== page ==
Integrated Authentication Considerations

When you purchase the Integrated Authentication Service, you can use LDAP Integration, Integrated Authentication (IA), or Portal Authentication. Integrated and Portal Authentications are true Single Sign-On (SSO) solutions but LDAP is not. These methods are not typically used together. This section explains how each one works, along with pros and cons for each method.

When you implement Integrated Authentication, your consultant will assist you with creating templates and web users. If you add this module separately and need assistance with virtual configuration contact your account manager about purchasing training. This document is intended to explain the different authentication options available, so you can anticipate any configuration needs.

If you choose LDAP Integration, you'll need to create an administrator account and admin web template to access the configuration page. See the EMS Configuration Guide for questions with creating that template. Using LDAP with IA or Portal Authentication requires each user be responsible for creating/verifying their account on the first visit. SSO isn’t immediate. Portal authentication can be used with LDAP, but this is atypical in most portal environments since other credentialing is available.

LDAP Integration

With LDAP integration you can bypass creating individual web users for your organization. By configuring EMS to query your LDAP groups, you can use LDAP groups to assign web template permissions. Your users would just use their windows credentials to login to the site. After creating a web user account (most data is pre-populated from their LDAP account), they receive the template permissions granted to their LDAP group.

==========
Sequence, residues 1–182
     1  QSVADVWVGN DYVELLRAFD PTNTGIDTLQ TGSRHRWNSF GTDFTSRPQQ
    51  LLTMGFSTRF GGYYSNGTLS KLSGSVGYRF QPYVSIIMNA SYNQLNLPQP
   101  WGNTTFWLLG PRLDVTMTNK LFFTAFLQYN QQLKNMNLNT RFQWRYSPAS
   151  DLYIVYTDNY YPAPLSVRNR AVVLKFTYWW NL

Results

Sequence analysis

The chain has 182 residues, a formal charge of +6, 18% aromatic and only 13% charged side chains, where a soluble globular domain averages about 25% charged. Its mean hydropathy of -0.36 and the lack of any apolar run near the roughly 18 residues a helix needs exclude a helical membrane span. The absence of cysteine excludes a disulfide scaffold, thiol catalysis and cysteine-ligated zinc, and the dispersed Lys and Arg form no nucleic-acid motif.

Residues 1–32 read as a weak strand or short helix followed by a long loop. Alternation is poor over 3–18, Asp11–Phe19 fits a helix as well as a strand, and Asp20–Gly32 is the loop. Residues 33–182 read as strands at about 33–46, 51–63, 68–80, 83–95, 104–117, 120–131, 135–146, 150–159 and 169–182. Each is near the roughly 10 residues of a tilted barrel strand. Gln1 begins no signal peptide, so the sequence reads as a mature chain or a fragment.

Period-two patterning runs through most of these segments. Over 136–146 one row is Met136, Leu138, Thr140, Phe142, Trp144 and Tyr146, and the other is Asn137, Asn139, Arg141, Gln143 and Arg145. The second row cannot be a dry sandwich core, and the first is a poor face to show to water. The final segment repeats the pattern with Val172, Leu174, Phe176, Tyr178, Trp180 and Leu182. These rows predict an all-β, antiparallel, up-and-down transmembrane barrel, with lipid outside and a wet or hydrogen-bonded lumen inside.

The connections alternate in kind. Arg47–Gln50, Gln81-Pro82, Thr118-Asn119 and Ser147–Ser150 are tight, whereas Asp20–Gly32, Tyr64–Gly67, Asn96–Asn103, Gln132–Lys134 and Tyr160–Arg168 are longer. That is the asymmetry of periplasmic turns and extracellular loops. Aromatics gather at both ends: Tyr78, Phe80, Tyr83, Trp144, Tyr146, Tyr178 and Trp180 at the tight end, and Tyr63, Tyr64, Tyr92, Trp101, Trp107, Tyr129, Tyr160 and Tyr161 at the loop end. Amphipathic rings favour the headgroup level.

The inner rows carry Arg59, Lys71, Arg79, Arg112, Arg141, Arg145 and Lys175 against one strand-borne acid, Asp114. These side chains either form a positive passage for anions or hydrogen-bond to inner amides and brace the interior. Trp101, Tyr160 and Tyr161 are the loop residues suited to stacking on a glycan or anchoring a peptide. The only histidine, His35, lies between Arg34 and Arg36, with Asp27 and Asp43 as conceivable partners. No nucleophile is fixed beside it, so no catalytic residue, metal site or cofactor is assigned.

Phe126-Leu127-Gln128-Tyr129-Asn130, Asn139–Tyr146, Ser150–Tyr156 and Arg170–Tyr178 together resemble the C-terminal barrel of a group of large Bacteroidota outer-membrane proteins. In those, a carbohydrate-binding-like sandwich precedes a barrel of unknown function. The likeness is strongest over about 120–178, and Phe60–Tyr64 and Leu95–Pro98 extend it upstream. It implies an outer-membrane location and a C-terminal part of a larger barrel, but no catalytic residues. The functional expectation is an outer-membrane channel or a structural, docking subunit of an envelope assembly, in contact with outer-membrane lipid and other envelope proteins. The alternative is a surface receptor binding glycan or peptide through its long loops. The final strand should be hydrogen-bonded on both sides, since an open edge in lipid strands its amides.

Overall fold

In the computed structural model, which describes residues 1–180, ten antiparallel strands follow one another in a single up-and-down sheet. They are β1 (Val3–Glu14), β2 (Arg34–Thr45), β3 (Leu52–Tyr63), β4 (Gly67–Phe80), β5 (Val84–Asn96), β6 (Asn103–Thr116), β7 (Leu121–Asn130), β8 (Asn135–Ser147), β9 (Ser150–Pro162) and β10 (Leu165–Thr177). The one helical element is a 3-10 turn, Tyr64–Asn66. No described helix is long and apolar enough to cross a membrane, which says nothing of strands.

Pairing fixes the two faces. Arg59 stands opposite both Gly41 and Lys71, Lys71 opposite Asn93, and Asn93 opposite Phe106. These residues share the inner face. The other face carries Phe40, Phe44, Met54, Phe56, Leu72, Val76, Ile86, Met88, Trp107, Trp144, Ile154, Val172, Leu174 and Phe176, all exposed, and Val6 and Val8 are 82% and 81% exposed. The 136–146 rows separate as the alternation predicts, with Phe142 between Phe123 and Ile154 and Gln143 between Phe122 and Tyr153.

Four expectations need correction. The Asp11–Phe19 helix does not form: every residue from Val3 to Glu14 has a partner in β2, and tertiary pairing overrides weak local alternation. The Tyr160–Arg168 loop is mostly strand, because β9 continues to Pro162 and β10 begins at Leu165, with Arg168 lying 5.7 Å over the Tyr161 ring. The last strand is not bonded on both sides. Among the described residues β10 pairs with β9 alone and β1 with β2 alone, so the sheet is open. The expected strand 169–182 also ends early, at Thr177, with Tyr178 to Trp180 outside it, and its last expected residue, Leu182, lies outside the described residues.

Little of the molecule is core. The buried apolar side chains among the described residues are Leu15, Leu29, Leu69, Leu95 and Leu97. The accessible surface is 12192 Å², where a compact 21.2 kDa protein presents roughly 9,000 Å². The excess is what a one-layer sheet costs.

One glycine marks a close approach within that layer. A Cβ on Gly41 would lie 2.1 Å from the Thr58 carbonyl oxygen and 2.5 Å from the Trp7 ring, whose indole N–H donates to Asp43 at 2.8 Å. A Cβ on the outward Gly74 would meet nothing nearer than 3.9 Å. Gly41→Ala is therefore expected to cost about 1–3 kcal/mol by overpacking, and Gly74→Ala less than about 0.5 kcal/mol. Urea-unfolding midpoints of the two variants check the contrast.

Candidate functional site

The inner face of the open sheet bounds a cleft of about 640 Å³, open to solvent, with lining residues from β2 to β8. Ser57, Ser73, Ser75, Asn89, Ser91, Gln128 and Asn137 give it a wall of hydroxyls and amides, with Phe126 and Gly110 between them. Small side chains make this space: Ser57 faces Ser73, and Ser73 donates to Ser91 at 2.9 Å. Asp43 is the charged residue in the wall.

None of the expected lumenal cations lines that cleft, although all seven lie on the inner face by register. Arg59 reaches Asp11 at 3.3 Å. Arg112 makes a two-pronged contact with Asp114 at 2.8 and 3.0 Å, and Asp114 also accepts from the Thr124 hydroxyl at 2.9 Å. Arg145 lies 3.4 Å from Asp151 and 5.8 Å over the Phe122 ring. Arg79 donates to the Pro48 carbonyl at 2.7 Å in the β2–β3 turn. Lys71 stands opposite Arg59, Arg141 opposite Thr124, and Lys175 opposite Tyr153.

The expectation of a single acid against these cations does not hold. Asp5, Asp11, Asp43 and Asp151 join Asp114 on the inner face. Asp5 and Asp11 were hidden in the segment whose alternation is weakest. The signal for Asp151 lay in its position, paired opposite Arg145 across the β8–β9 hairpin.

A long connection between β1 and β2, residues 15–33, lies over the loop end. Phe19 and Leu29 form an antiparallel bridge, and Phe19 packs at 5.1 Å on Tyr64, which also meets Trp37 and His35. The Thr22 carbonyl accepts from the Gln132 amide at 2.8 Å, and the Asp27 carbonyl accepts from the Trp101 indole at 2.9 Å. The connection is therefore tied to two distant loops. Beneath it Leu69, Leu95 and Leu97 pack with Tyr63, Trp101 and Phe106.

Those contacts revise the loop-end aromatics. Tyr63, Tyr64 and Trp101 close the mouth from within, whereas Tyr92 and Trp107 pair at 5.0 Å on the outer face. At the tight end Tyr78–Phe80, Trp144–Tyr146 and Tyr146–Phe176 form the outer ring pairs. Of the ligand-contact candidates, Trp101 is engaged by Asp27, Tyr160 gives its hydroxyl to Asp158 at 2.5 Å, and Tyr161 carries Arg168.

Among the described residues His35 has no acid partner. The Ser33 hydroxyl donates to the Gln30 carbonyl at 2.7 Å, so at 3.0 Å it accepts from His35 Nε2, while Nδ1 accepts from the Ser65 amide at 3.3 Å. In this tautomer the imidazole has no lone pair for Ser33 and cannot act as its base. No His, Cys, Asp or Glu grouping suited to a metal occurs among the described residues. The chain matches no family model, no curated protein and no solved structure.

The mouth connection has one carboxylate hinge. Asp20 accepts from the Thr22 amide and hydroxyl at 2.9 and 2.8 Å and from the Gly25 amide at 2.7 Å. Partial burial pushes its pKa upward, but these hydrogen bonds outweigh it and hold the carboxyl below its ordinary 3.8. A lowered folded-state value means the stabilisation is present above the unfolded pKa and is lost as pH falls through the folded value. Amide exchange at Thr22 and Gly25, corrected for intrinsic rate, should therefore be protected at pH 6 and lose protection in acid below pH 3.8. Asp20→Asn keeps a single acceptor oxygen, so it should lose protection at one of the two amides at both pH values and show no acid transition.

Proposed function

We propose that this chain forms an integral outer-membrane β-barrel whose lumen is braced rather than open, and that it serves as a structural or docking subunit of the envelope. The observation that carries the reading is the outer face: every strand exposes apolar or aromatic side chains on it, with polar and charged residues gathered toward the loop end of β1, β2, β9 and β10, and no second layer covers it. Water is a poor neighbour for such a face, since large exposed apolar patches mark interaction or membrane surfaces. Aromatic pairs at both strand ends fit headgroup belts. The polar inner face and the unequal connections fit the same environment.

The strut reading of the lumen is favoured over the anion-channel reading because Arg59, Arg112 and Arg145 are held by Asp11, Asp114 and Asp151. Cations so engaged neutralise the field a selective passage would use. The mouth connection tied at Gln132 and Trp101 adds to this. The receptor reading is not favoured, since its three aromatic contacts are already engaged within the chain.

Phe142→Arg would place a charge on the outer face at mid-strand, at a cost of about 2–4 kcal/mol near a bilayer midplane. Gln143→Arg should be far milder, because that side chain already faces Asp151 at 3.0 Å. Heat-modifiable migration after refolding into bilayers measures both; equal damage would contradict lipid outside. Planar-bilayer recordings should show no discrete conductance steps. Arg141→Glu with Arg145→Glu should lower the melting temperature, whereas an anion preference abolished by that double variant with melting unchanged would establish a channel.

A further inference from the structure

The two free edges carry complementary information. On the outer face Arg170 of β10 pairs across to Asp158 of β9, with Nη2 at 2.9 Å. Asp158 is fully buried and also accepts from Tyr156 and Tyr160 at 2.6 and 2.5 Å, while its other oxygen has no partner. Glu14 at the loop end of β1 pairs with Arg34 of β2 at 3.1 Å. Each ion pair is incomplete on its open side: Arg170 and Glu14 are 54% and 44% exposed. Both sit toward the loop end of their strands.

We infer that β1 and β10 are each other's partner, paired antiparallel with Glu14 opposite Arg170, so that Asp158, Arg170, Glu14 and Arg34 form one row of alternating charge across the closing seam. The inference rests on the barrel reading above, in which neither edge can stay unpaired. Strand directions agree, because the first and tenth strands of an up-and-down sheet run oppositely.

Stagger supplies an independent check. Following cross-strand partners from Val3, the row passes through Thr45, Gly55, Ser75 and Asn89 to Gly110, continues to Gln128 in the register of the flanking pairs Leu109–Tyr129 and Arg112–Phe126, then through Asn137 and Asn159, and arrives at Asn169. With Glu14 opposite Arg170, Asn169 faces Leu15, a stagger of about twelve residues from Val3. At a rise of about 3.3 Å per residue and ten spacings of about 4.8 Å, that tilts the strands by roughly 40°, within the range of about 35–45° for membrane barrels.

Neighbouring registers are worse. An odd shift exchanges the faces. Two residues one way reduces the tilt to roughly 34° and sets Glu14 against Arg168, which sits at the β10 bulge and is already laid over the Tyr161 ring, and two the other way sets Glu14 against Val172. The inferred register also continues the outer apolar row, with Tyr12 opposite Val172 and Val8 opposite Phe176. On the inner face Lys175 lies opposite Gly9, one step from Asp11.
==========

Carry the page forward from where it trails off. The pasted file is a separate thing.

Pros

  • No need to create/maintain individual accounts for web users. Mass assign process templates.

Cons

  • Requires LDAP groups to be precisely defined and maintained to ensure proper access. EMS does not create or update LDAP groups, so product may require assistance from LDAP/Exchange administrators.

  • NOT Single Sign-on – users must enter windows credentials on each visit.

Integrated Authentication

IA is SSO. For this to work, every user must have a web user account created (manually through client/virtual piece or using our HRToolkit module). In each web account, a network ID is added. When a user visits VEMS or EMS Web App, a call is made to the machine to retrieve the windows account signed in. It compares that value to the network ID field in existing accounts, logging in users automatically. Permissions are assigned to the individual web user accounts.

Pros

  • Can be true SSO – the account creation and maintenance can be completely invisible to the end user. Not reliant on Exchange/LDAP administrators.

Cons

  • Requires active web user creation and maintenance: manually on the client side, manually through end-user input, or automatically through an HR feed.

Portal Authentication

With Portal Authentication, user information is passed from your existing portal to records in EMS by cookie, session string or similar. Portal Authentication is true SSO when used with our supported methods.